Donousa is one of the five most important islands of the minor Cyclades complex. The permanent residents are no more than 120, while the cat population in the island is almost double that size.
Even though Donousa is a very popular summer destination due to its turquoise waters, I would also suggest that it is a whole different experience if you visit it during the Easter period. During the Holy Week (or the Passion Week), almost every person on this island gathers in the churches for Mass. On Good Friday everyone follows the procession of the bier of Christ, or otherwise known as the Epitaph.
On Holy Saturday, the locals participate in a traditional custom, called Fourni. That’s when the locals gather in homes that have wood stoves and knead the dough needed to create bread, called Pavli. There is a distinct and familiar smell of burning wood that fills the atmosphere, emanating from all the wood stoves.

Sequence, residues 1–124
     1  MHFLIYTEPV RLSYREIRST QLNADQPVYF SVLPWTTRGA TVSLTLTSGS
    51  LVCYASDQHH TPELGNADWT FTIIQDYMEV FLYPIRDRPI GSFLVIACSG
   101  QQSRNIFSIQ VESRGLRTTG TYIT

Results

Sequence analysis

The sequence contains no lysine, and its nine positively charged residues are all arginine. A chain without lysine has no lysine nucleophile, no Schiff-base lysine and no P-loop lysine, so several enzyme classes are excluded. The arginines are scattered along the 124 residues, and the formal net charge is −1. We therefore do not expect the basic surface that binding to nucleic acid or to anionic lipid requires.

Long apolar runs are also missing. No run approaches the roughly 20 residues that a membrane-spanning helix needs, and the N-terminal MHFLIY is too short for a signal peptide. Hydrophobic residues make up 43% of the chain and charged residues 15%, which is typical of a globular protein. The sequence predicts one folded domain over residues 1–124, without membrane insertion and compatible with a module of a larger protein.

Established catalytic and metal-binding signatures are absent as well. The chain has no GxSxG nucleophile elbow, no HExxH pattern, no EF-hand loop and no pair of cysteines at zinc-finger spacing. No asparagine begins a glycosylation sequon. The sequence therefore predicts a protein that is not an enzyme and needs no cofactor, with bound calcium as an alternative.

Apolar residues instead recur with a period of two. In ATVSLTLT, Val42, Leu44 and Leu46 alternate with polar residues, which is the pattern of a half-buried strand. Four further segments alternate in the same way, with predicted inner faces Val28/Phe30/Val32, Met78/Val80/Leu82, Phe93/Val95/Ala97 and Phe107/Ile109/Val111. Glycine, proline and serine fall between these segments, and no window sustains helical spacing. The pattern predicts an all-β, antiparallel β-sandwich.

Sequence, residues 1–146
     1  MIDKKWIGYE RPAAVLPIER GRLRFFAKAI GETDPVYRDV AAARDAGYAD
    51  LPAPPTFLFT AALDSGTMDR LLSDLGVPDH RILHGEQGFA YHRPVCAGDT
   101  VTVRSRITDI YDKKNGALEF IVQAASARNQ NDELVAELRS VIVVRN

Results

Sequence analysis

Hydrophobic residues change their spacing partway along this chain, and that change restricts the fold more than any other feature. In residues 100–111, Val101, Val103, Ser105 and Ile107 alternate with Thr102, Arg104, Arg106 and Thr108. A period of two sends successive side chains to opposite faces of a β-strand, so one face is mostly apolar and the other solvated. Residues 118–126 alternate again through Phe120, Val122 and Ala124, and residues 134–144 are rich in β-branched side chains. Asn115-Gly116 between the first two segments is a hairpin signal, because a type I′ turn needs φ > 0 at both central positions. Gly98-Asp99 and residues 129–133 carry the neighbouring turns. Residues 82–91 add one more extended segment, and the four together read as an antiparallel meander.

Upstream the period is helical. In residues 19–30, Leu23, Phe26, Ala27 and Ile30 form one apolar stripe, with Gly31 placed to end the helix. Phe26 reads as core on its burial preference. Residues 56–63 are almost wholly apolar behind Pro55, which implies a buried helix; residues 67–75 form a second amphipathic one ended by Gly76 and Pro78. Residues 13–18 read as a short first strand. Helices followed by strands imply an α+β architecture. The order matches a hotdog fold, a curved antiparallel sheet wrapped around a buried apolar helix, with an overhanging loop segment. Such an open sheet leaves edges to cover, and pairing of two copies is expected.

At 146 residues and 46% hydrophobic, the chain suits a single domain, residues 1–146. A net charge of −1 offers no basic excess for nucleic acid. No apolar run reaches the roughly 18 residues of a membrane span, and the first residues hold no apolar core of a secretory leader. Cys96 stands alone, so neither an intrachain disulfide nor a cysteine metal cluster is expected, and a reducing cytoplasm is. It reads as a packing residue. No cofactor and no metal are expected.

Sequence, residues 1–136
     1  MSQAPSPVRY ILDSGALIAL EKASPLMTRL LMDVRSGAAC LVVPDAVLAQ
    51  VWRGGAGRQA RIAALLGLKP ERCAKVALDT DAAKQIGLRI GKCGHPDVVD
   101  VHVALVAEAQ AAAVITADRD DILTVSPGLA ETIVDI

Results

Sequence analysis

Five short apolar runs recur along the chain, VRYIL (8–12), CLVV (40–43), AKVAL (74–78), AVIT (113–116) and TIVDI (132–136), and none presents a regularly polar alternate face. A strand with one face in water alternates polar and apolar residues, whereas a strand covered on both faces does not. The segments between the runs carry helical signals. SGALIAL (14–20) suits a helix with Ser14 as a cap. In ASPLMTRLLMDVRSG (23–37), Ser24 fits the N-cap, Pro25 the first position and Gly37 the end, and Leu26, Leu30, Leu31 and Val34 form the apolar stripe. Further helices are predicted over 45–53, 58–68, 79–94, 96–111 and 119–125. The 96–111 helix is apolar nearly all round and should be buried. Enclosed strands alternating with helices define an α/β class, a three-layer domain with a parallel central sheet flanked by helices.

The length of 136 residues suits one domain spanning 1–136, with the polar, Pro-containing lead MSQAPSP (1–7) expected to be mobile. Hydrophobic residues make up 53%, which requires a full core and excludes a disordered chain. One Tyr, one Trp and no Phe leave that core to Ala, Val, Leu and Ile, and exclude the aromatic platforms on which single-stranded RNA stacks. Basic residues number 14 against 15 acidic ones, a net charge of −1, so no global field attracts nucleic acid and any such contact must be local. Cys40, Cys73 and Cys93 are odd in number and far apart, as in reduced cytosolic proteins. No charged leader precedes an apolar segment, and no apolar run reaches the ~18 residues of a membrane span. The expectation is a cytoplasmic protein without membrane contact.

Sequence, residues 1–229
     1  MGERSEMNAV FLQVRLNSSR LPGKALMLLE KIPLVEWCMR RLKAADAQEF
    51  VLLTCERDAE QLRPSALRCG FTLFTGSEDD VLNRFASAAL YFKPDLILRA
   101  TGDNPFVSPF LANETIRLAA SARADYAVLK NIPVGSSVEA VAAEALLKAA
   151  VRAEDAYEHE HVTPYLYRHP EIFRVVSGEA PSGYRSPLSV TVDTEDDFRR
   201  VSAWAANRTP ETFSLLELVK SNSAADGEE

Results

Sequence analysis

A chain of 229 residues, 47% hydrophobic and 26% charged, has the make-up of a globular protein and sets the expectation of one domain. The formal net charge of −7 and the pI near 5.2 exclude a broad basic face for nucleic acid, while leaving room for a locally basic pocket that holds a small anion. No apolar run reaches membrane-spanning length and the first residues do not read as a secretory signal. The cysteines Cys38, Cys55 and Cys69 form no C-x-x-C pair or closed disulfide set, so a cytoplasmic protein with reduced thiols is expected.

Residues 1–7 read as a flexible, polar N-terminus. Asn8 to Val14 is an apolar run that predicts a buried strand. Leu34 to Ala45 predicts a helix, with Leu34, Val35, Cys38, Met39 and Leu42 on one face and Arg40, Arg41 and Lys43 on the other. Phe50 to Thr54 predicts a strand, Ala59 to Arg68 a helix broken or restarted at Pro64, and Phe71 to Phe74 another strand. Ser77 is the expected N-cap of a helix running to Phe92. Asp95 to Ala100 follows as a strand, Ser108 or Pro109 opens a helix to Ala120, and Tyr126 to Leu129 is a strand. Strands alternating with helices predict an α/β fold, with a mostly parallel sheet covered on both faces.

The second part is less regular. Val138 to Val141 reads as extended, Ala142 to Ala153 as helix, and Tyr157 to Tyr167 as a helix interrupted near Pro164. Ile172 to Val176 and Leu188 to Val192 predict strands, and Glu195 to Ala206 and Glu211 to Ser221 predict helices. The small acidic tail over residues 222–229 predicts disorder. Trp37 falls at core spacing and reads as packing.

The cooperation, the smiles and a lot of effort are the ingredients that bring the successful result to life. Whoever witnesses this tradition is bound to have sweet reminders of this place for the rest of their lives.
Later on, the people all gather in churches to receive the Holy Light. During the Resurrection, the night sky of Donousa is lit by fireworks, mesmerizing everyone in the audience.
Following the Cycladian tradition, after baking the homemade bread, the people follow that up by roasting meat in the same ovens on the evening of Holy Saturday, so the food can be ready for Easter Sunday.
The highlight of the Holy Week ceremonies is the Burning of Judas, which, once again, is witnessed by everyone in the island.
The grand finale of the festivities commences with a massive feast that goes on until the early hours of the following morning, offering a dose of yearning and anticipation for the coming year.